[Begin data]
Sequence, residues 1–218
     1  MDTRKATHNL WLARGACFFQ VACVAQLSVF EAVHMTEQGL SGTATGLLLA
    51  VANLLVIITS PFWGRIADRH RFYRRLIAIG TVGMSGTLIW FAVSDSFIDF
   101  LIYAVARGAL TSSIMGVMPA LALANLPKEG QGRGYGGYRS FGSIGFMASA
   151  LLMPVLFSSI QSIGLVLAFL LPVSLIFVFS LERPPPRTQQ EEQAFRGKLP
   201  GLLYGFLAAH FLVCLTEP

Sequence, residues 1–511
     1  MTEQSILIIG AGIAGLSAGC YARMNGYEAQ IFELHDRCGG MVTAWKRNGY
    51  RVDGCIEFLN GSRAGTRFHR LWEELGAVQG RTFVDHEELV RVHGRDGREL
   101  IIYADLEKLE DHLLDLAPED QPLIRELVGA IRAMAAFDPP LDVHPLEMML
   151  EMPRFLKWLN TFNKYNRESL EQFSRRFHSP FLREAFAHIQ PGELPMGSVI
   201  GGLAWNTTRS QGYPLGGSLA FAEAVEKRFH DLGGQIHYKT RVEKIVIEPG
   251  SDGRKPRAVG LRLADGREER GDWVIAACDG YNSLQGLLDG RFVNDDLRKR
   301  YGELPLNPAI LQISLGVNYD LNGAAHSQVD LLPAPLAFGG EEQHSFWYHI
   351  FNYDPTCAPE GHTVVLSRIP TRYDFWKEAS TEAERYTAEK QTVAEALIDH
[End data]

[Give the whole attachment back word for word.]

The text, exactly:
Sequence, residues 1–218
     1  MDTRKATHNL WLARGACFFQ VACVAQLSVF EAVHMTEQGL SGTATGLLLA
    51  VANLLVIITS PFWGRIADRH RFYRRLIAIG TVGMSGTLIW FAVSDSFIDF
   101  LIYAVARGAL TSSIMGVMPA LALANLPKEG QGRGYGGYRS FGSIGFMASA
   151  LLMPVLFSSI QSIGLVLAFL LPVSLIFVFS LERPPPRTQQ EEQAFRGKLP
   201  GLLYGFLAAH FLVCLTEP

Sequence, residues 1–511
     1  MTEQSILIIG AGIAGLSAGC YARMNGYEAQ IFELHDRCGG MVTAWKRNGY
    51  RVDGCIEFLN GSRAGTRFHR LWEELGAVQG RTFVDHEELV RVHGRDGREL
   101  IIYADLEKLE DHLLDLAPED QPLIRELVGA IRAMAAFDPP LDVHPLEMML
   151  EMPRFLKWLN TFNKYNRESL EQFSRRFHSP FLREAFAHIQ PGELPMGSVI
   201  GGLAWNTTRS QGYPLGGSLA FAEAVEKRFH DLGGQIHYKT RVEKIVIEPG
   251  SDGRKPRAVG LRLADGREER GDWVIAACDG YNSLQGLLDG RFVNDDLRKR
   301  YGELPLNPAI LQISLGVNYD LNGAAHSQVD LLPAPLAFGG EEQHSFWYHI
   351  FNYDPTCAPE GHTVVLSRIP TRYDFWKEAS TEAERYTAEK QTVAEALIDH